Christine Mosher, a psychotherapist and life coach in Buzzards Bay, Massachusetts, still finds it difficult years after her divorce to attend weddings and hear about long-term successful marriages. She counsels people, however, “to acknowledge your feelings of grief and loss, allow yourself to feel sad about the end of your marriage, and try to remember that everyone's marriage is different.
Is it realistic to believe that couples will stay together for half centuries or more in today’s world?
I want to believe that is true. I am not the person I was when I married at 27 years old. Few people remain the same decades later.
I realize now that a couple must grow together, or they will grow apart. They must allow each other room to explore their passions and find their authenticity, of course, and they don’t need to be joined at the hip for all endeavors. In fact, it is healthy to have some separate interests and activities.
Wedding traditions, specifically the exchange of vows, can be where the grief sits. Those promises carry lots of hope and expectation.
The long grief of separation and divorce
I did not anticipate the long tentacles of grief I would experience following my divorce, which continue to emerge a decade later.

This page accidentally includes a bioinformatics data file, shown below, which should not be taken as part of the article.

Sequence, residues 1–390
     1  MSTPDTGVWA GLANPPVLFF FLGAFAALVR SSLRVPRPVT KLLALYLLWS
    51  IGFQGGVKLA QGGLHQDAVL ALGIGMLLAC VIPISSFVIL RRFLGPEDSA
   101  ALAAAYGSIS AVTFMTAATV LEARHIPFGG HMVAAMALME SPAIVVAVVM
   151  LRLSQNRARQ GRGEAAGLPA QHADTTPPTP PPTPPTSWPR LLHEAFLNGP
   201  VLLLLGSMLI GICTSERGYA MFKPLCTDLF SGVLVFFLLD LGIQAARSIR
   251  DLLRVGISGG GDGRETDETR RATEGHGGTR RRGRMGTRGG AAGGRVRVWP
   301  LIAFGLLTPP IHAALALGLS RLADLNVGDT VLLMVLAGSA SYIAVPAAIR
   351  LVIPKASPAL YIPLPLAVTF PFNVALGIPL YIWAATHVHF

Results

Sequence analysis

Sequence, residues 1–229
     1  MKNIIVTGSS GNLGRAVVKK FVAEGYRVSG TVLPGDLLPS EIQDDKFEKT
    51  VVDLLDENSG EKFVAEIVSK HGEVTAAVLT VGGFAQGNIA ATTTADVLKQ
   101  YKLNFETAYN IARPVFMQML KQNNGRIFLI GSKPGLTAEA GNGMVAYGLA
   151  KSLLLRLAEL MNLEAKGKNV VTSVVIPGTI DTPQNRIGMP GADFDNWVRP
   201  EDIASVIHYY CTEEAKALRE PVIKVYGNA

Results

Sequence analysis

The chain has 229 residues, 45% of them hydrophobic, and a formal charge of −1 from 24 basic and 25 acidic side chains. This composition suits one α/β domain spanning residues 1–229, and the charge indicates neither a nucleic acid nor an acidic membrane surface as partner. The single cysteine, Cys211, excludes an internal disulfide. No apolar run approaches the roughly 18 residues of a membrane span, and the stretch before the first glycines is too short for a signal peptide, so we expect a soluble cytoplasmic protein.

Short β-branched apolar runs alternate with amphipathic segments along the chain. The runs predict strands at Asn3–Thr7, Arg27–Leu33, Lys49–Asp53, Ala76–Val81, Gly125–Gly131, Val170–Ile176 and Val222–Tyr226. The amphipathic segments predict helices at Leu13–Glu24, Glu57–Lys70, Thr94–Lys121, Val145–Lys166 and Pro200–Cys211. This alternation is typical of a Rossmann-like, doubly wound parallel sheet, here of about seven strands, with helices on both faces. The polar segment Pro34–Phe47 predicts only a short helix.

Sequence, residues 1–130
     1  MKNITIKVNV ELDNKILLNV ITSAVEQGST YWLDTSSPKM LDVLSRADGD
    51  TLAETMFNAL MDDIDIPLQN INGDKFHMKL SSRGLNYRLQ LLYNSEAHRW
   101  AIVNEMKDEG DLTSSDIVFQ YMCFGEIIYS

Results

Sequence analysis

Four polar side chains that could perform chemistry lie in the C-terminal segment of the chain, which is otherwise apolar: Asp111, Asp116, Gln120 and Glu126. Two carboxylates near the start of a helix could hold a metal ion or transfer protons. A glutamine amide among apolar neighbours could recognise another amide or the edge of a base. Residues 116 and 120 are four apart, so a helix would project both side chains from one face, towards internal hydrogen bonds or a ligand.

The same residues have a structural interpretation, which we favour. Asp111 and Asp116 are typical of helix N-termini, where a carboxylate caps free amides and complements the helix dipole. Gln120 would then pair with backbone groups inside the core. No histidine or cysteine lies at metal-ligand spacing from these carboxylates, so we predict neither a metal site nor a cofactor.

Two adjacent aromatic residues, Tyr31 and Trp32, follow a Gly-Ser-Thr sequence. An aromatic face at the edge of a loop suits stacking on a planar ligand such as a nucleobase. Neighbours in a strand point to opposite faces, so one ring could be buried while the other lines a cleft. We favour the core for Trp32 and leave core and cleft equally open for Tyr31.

Coping with the grief of divorce can be long lasting and difficult, explains therapist Dr. Anita Gadhia-Smith of practicaltherapy.net in Washington, D.C.
“While everyone enters into marriage, hoping it will last, not all do,” she observes. “Some people are in our lives for a reason, some for a season, and some for a lifetime. If a marriage has ended, it is best to process your own issues around what happened in the marriage and its ending, and to take the teaching in order to move forward into new possibilities.”
Life coach Emily Clement of Laconia, New Hampshire, notes that “wedding traditions, specifically the exchange of vows, can be where the grief sits. Those promises carry lots of hope and expectation.” She advises that people try to avoid comparisons and to trade expectations for appreciation.
“We are not all dealing with the same circumstances, so we can't compare ourselves to others,” Mosher adds.
I definitely appreciate the good that came out of my marriage. I have two amazing children who bring much happiness to my life, and many of my years of partnership with my ex-husband were wonderful.